Back to Basics: Kitchen Essentials We Can't Live Without

When it comes to buying high-tech or expensive kitchen gadgets, most of us do research before taking the leap. But in the test kitchen, we believe that basic tools deserve this kind of consideration, too. After all, when you’re putting a piece of equipment to work day after day, it should be made to do the job well and for a long time. Whether you need to restock your own basics or are shopping for someone who’s setting up their very first kitchen, let this week’s product collection be your guide. We’ve included tried and tested winners that we can’t live without, including the best nonstick skillet on the market, our long-time favorite chef’s knife, and a high-quality Dutch oven with a not-so-high price.

Going back to basics shouldn’t end with your equipment; you can also brush up on fundamental cooking skills with a membership to the America's Test Kitchen Online Cooking School. Offering more than 250 courses on everything from basic knife skills to advanced bread baking as well as access to expert instructors, the Online Cooking School can help anyone become a more proficient, more confident cook—including all those soon-to-be college grads who’ve spent years relying on the dining hall.

Still the best—and a bargain—after 20 years, this knife’s “super-sharp” blade was “silent” and “smooth,” even as it cut through tough squash, and it retained its edge after weeks of testing. Its textured grip felt secure for a wide range of hand sizes, and thanks to its gently rounded edges and the soft, hand-polished top spine, we could comfortably choke up on the knife for “precise,” “effortless” cuts.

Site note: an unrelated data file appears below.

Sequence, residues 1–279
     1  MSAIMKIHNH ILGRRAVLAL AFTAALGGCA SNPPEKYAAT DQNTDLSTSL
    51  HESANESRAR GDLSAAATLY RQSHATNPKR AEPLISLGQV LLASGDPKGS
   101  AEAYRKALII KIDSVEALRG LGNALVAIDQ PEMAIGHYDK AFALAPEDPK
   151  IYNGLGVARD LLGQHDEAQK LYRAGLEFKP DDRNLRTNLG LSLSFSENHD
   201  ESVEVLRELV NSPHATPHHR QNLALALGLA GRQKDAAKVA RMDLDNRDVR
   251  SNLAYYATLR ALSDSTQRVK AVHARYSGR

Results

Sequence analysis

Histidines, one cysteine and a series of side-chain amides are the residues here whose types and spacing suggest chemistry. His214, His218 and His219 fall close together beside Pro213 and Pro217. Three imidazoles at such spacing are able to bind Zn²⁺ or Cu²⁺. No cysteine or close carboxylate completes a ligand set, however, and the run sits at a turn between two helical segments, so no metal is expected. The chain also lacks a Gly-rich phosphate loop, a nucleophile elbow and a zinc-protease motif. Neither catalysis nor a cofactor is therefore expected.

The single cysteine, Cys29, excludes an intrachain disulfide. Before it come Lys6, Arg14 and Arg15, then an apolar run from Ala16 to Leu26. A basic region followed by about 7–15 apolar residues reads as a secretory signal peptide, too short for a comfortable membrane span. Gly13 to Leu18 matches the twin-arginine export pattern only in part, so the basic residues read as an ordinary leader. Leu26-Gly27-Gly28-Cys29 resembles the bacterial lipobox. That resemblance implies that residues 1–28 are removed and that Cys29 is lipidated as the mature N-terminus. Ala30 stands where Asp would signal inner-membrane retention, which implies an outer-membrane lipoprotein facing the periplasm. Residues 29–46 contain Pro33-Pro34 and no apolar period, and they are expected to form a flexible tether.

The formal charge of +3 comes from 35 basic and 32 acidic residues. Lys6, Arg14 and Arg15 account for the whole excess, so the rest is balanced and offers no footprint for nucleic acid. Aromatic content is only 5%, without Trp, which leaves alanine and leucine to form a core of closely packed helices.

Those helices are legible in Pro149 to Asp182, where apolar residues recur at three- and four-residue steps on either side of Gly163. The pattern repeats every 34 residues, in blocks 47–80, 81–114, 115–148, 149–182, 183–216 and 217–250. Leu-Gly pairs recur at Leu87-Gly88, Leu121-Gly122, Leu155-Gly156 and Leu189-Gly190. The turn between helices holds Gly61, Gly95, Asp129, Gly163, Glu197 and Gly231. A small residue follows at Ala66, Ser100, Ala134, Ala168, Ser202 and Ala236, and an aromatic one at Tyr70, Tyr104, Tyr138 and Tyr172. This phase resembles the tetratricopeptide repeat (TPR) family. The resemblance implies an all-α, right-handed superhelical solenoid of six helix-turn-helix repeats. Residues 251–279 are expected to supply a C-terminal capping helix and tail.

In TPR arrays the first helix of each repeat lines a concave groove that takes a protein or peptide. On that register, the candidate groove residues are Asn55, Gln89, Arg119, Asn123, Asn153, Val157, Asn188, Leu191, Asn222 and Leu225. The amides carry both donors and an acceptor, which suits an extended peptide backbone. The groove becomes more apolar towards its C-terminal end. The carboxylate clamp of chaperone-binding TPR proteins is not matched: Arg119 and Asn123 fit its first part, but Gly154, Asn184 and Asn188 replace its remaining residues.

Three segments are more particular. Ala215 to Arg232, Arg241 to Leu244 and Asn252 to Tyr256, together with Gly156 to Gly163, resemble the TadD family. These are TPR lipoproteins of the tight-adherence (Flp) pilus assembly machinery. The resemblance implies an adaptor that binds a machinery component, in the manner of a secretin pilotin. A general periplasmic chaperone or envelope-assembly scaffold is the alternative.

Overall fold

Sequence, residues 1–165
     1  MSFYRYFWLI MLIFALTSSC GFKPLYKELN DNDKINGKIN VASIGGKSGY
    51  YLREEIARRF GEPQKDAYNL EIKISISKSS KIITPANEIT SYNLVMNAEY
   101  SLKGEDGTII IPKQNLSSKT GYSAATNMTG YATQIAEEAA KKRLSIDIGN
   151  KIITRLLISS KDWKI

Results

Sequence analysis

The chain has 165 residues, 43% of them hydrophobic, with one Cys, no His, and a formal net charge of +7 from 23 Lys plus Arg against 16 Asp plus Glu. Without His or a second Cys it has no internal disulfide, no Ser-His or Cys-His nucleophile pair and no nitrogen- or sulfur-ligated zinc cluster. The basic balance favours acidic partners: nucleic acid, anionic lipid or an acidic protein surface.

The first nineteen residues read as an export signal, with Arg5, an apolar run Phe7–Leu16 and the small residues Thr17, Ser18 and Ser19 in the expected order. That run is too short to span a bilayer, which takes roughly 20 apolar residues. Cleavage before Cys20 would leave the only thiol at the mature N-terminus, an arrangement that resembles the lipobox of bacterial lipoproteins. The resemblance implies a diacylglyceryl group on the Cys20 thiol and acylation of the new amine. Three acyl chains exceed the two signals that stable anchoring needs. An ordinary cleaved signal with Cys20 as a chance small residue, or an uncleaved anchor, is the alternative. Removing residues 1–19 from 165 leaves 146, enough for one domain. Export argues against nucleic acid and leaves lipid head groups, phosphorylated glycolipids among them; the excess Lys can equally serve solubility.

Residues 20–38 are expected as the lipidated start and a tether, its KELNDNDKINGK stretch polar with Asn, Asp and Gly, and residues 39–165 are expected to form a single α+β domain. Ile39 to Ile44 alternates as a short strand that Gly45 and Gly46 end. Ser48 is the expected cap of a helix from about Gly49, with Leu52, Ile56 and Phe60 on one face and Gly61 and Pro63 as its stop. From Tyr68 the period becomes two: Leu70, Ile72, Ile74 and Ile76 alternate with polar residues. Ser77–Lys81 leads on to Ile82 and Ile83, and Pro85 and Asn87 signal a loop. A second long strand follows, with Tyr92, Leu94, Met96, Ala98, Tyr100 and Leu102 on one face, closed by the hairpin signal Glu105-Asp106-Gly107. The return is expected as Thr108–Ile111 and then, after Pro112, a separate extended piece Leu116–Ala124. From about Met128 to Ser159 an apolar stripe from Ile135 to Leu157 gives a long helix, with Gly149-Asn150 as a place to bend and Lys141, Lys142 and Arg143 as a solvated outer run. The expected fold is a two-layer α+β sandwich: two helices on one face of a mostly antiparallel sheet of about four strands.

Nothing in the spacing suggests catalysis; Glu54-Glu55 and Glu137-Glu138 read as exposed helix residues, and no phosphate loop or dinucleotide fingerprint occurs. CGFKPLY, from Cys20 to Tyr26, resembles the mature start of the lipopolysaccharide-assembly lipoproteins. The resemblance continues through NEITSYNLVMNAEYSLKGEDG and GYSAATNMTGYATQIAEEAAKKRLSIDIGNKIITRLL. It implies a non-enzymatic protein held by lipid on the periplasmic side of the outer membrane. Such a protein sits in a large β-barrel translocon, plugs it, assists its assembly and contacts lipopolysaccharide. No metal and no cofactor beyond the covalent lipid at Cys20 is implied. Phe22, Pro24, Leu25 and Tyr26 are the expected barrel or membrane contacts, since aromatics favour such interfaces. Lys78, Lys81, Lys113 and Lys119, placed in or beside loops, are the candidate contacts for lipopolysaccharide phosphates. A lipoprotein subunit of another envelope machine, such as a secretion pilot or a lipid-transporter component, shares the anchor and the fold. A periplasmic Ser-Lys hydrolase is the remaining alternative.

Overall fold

Update: November 2013 Since our story appeared, the price of our winning Victorinox Swiss Army 8" Chef's Knife with Fibrox Handle has risen from $27.21 to about $39.95. We always report the price we paid for products when we bought them for testing; however, product prices are subject to change.

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This model costs a third of what our favorite Le Creuset Dutch oven does and performed almost as well. With a very similar design—low, straight sides and a broad, off-white cooking surface—it allowed us to easily move food, sear in fewer batches, and monitor browning. The trade-offs: The Cuisinart pot is 3 pounds heavier and has slightly smaller handles than the Le Creuset pot, and its rim chipped during abuse testing.

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This pan came slick and stayed that way—we stopped both fried egg tests after 50 eggs. It cooked and released food perfectly, thanks to its darker finish and excellent nonstick coating. Its gently flared sides and lightweight design made it easy to load, unload, and move. Its grippy stay-cool handle was flawless and its cooking surface vast. It showed some light knife marks but otherwise emerged from testing unscathed.

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Coming in a variety of useful sizes that nest for compact storage, our winning set performed ably on almost every test. Its wide, shallow bowls were easy to hold, fill, empty, and clean. They can be used in the microwave and the oven. While the bowls in this set were the only ones to break when dropped, the heaviness of the glass with which they’re made makes it unlikely that they’ll easily fly off the counter.

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